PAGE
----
At times it can feel like old folk songs are describing our planet with an entirely new cast of characters. Many of them combine radical politics with a genuine affection for the President and his government. There are songs about elections and President Roosevelt and even specific policy proposals. One song, written in praise of the Townsend Plan for a revolving pension plan, is cheeky propaganda (life will just begin at 60/we’ll all feel very frisky); another, “Sylvester”, is a blues staple that describes a man who calls President Roosevelt about his lost mule. “Democratic Donkey” is about the election that made Roosevelt, a patrician from the north, a beloved President for farmworkers in deep south.
“We have songs about the NRA, about the WPA, about pensions and presidents… really, who writes songs about government agencies these days? This is optimism squared.” Tom jokes, but at the heart of the levity is a serious observation about the changing nature of social upheaval. People sing about the things they care about. In the ’30s, that was politics, and these songs had power: it was popular agitation for the Townsend Plan that forced social security legislation into fruition. These days even a disaster on the scale of Hurricane Sandy is unlikely to inspire songs about FEMA or climate change. It isn’t only that ordinary people were different “back in the day”. The establishment was as well, Peggy pointed out. Would President Obama dare suggest that public money be spent to record and archive poverty? That the art so collected defy copyright and remain public domain, so that later generations can access them and interpret them? In a cultural economy obsessed with individual copyright, is it futile to retain hope for a creative commons?
Folk songs, like computer viruses, are version nightmares. They disperse through populations, until no one plays the same song twice. The very act of recording them, of sealing them in time, is counter-intuitive: how do you know you have the “authentic” or the “original” song? A famous example of this gap is Lead Belly’s farewell homage to Charles Todd in certain versions of “Careless Love”, where he inserts the lyrics “I may be right, Mr. Todd, and I may be wrong/ but you know we’re going to miss you for the time while.”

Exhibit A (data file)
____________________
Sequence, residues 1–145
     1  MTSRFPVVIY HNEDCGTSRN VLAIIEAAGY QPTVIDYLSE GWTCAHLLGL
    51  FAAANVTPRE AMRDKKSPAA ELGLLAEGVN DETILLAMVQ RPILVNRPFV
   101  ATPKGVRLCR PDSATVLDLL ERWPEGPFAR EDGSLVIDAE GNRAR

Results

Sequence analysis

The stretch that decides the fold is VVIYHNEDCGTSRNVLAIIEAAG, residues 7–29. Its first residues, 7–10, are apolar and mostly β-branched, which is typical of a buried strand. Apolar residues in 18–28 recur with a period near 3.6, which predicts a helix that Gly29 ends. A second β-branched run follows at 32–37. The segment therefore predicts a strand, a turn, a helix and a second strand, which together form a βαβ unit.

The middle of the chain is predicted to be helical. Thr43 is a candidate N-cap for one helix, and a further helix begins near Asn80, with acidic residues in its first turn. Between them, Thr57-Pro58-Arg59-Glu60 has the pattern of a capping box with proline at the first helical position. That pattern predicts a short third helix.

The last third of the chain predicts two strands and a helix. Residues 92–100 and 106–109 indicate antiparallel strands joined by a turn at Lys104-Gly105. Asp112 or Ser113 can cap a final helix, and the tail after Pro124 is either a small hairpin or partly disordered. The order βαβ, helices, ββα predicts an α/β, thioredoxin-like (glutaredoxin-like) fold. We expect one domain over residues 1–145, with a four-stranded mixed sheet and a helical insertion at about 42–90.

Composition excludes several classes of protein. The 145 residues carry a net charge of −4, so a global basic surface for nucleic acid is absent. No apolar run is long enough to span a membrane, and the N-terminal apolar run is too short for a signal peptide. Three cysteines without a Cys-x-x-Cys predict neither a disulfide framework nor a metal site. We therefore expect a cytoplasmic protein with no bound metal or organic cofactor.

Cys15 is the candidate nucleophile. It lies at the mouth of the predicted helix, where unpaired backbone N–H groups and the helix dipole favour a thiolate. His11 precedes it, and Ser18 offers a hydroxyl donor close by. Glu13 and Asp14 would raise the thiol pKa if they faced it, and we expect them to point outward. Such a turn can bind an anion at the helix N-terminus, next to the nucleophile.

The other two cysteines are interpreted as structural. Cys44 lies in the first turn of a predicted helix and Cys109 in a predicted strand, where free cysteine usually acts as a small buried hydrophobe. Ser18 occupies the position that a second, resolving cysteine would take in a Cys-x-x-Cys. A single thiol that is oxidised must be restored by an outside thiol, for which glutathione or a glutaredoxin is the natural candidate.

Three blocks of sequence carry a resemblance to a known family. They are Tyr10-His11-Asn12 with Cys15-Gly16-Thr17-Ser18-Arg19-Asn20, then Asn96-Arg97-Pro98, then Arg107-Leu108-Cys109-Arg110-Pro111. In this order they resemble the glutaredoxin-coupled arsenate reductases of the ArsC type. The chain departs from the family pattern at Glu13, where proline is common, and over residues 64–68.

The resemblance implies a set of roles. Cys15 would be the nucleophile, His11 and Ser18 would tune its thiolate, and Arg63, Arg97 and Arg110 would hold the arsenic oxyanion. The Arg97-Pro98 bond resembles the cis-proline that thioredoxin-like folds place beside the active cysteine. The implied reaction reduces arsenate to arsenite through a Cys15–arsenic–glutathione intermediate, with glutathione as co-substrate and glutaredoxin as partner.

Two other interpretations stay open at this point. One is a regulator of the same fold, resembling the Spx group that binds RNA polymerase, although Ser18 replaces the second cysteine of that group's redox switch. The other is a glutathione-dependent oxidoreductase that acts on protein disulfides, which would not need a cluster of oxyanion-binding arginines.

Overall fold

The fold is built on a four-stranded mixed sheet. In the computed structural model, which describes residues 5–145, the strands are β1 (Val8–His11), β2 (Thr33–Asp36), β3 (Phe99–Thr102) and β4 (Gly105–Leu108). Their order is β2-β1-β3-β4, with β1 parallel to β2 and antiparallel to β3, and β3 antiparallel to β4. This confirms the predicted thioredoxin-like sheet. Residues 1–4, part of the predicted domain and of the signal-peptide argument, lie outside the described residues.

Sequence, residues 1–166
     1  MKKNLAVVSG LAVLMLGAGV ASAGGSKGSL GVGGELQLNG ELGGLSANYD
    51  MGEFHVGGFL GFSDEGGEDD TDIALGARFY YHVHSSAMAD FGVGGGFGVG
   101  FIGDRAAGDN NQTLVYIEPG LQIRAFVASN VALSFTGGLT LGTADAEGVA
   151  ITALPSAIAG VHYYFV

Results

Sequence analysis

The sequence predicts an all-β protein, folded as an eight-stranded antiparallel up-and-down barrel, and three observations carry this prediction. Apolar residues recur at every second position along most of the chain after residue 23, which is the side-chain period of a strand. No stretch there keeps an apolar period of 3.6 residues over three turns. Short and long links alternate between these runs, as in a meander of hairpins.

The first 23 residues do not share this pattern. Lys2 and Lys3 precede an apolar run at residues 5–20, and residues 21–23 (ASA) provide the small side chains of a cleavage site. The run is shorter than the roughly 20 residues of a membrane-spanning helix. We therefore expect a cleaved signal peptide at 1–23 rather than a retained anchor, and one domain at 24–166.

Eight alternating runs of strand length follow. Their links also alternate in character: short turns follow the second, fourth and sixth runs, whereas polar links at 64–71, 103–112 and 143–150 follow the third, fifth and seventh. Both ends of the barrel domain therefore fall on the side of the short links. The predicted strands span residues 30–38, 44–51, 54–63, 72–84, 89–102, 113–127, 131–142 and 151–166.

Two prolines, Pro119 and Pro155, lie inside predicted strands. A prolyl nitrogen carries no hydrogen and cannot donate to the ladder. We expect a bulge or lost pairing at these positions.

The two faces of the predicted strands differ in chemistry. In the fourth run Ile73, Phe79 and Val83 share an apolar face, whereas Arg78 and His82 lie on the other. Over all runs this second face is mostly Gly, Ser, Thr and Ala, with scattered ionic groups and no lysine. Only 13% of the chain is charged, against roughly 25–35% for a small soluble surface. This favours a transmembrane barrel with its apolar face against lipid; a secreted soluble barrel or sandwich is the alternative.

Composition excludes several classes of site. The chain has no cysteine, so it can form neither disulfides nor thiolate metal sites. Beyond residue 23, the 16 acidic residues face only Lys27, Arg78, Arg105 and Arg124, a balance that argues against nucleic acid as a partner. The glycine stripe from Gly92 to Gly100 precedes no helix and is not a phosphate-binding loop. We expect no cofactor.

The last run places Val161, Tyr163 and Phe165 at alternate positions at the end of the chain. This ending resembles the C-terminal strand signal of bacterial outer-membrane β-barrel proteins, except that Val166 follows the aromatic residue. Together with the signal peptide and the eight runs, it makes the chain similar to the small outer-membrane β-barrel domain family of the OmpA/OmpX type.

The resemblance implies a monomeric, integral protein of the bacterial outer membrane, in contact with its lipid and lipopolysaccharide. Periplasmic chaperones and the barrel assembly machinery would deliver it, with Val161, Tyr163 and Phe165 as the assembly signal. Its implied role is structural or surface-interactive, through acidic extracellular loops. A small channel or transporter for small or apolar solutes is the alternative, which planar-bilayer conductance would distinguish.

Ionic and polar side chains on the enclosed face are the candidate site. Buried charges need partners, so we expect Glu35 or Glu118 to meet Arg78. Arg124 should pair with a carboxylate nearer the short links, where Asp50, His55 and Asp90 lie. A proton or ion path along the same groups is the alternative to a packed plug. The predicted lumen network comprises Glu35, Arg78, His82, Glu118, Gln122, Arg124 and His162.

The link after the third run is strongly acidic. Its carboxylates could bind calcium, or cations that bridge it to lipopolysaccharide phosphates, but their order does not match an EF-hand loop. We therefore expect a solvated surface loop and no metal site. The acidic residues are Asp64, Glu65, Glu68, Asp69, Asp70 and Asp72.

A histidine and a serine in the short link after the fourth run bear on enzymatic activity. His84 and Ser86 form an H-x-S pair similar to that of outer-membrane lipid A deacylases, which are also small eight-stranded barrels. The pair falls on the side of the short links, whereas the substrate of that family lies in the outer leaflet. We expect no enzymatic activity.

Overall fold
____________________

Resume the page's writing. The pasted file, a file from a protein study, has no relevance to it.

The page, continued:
Charles Todd and Robert Sonkin were the most influential of the federal recorders working in migrant camps. They collected hundreds of songs, yet, Peggy notes, the relationship between the urban “outsiders” recording music and the sharecroppers making music was sometimes hostile. The folklorists were employed by the federal government and eager to collect positive reactions to camp conditions, but they were facing an insular community knitted together by deprivation and homesickness, a community that was rarely trusting of strangers from the cities. The people in the camps wanted to portray themselves as independent, while the people recording them wanted to tell stories about the generous government.
“The camps were a real laboratory for democracy” Mike suggests “not the welfare handouts people now think they are. They organized committees and unions and got real things, like sanitation and repairs, done. We call our show We’d rather not be on the rolls of relief to reflect their complicated attitudes to these camps. They were grateful for the help but they were also working very hard to get into real homes and real lives.”
A lot of the despair migrant workers felt living in tents far away from their homes is channelled into humor. Plenty of the songs performed by the band are lyrically hilarious, even when the mood and the instrumentation are melancholic. One of the biggest challenges the 198 String Band faces is to retain this contrast. This they do by juxtaposing Peggy’s thin, wry, “almost Appalachian” voice against the photographs. In the funniest of their songs, the chorus of which goes “doggone, the panic is on!”, the imagery depicts decrepit buildings and woebegone people. The effect is stark and often startling. It forces listeners to realize just how grim conditions were, as well as to marvel at the resilience of people who could still find things to laugh about while they survived them. It’s enough, indeed, to make you echo the Democratic donkey and cry Hee Haw Hallelujah!